Practically however, the majority of organisations use automation to replicate simple human tasks—various polls and studies estimate that around 80% of organisations primarily focus their automation in this area. While this delivers great results to the organisation in terms of freed-up capacity and cost savings, it will often fall short of delivering a step-change towards the desired digital end-to-end processes.

How then can we move processes forward? While there is no silver bullet, there are a number of helpful principles to consider:

1. Start with the question ‘If we were born today, how would we expect our processes to operate?’

Designing digital processes requires us to take a nuanced approach to conventional design. Think about how to bring the best technology components together to meet the customer need with automation as the default, rather than a retro-fit (be that through RPA, IA or a range of strategic technologies). Understand how best to enable the flow of information through the process and minimise unnecessary hand-offs. Low-code workflow and orchestration technologies can be spun up more quickly than their predecessors. They can help coordinate digital processes and, if needed, provide direct visibility of progress to customers.

2. Consider where your people can add the most value 

One advantage of automating processes is that it frees up capacity in your teams. Consider where people can add the most value to customers and also develop meaningful skills and careers. We will consider this aspect in the context of digital shifts in one of our next articles.

3. Beware the perils of automated customer experiences

When it comes to customer-facing processes, starting from the ‘automation by default’ principle can also be an impediment. Adding a well-designed chatbot for example can be valuable to better route customer queries, but you don’t have to look far in the media for examples where inappropriate use of automation can be a detriment to customer experience.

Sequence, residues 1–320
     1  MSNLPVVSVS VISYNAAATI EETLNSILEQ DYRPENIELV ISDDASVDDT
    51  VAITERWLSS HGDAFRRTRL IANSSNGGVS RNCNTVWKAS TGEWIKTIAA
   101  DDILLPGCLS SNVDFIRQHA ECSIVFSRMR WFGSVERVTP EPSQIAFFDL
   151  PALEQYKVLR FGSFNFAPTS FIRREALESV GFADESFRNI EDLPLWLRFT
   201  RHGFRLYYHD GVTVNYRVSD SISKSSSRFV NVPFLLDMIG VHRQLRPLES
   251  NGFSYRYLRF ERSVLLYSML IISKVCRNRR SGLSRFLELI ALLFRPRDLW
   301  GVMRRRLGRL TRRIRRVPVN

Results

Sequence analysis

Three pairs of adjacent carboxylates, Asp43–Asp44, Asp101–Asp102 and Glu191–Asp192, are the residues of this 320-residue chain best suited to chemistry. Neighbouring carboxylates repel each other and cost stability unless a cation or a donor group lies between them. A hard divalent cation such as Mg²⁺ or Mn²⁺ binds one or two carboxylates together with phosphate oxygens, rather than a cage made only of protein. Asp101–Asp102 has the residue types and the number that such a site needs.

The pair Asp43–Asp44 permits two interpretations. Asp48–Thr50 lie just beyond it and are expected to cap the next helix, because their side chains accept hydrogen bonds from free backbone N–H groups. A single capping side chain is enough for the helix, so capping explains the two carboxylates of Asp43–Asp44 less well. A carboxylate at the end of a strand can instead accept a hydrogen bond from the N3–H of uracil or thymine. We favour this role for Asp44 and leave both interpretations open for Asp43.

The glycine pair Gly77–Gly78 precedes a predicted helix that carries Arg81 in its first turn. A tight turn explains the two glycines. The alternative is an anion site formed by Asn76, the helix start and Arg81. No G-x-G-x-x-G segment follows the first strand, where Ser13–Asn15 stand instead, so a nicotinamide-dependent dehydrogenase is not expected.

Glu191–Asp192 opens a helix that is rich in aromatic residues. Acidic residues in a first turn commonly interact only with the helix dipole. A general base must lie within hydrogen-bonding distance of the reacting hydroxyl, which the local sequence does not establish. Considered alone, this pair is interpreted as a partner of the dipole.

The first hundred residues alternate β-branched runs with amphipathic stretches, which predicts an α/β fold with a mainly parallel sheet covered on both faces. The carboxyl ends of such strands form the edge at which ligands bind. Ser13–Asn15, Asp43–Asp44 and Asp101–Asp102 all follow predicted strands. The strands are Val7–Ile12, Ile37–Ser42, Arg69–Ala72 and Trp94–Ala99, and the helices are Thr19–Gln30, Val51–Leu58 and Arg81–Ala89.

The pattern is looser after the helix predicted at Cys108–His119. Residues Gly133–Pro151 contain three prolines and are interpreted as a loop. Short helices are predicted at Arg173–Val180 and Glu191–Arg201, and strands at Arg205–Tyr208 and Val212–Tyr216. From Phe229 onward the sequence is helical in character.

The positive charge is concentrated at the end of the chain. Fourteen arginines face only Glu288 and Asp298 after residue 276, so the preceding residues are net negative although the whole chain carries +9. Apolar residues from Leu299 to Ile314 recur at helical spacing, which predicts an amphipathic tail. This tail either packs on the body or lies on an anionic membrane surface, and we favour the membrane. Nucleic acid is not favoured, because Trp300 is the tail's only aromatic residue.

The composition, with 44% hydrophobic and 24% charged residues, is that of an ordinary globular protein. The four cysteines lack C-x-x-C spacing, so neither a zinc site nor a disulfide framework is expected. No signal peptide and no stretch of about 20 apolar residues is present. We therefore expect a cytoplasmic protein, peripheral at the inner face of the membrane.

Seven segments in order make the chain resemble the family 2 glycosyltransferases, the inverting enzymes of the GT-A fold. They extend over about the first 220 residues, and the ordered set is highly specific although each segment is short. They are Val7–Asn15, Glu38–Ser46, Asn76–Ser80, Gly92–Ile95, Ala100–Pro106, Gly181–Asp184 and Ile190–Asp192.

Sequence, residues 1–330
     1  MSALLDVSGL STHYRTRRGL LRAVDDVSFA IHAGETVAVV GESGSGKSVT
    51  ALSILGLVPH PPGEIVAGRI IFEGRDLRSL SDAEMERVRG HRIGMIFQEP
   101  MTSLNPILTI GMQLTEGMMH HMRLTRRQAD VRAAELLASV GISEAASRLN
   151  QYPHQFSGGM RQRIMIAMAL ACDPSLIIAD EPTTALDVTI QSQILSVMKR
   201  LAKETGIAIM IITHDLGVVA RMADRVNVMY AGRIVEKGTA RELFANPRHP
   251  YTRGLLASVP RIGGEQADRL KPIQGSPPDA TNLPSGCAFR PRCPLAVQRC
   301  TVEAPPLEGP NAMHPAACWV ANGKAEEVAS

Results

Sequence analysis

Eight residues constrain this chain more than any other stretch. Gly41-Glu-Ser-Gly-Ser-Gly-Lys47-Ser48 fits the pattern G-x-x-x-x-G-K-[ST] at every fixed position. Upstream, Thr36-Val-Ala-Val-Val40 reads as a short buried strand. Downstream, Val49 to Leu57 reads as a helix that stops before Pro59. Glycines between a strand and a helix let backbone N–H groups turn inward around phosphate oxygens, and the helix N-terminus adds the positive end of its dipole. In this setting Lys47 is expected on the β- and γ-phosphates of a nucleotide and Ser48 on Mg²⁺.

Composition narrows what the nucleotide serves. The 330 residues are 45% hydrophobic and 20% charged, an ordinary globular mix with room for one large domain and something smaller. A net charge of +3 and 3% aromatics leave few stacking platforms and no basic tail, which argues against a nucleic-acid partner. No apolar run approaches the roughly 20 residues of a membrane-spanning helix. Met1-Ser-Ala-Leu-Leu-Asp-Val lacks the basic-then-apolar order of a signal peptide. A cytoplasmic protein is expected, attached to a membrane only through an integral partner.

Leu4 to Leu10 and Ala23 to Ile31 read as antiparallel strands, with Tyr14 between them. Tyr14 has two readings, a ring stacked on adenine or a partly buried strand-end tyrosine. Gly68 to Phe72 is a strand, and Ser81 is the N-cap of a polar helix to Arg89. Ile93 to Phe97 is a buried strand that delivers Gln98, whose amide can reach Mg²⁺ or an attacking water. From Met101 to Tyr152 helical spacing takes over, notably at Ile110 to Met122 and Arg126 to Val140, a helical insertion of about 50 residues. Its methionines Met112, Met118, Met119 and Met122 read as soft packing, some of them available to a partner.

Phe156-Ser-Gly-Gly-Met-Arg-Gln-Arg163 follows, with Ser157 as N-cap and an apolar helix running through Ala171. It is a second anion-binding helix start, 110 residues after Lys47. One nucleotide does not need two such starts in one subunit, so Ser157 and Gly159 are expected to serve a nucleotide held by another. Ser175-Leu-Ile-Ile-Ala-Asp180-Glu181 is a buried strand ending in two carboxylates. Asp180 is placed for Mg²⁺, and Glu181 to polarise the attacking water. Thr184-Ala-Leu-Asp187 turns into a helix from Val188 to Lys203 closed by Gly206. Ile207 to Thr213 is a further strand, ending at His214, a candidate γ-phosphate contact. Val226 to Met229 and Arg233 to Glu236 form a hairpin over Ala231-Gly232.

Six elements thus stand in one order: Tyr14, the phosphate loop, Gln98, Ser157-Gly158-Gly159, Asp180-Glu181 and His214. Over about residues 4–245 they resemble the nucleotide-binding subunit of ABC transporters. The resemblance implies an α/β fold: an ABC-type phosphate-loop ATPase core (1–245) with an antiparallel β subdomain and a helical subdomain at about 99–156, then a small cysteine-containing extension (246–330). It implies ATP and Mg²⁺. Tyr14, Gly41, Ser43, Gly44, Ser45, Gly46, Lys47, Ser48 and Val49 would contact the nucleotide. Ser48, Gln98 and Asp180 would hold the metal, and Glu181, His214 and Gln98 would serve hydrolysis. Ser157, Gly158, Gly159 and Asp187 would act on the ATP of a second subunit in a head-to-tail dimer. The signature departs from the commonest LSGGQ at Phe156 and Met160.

4. Don’t lose sight of the data shift

A huge amount can be achieved with off-the-shelf intelligent automation solutions, but when it comes to automating decision making, more is often needed. The power of machine learning to enable data-led decision making and even automate certain decisions is enormous. However, as we emphasized in our last article, making use of this technology and maximising the power of an organisation’s data requires dedicated focus in its own right.

Join us again next week, when we will share our thoughts on the next digital shifts and focus on Organisational Alignment across organisation & talent, culture, method and risk & resilience.

Please feel free to reach out to Rob Ward, Partner, Customer & Digital to find out how the Twelve Shifts of Digital could inform your digital strategy or transformation journey.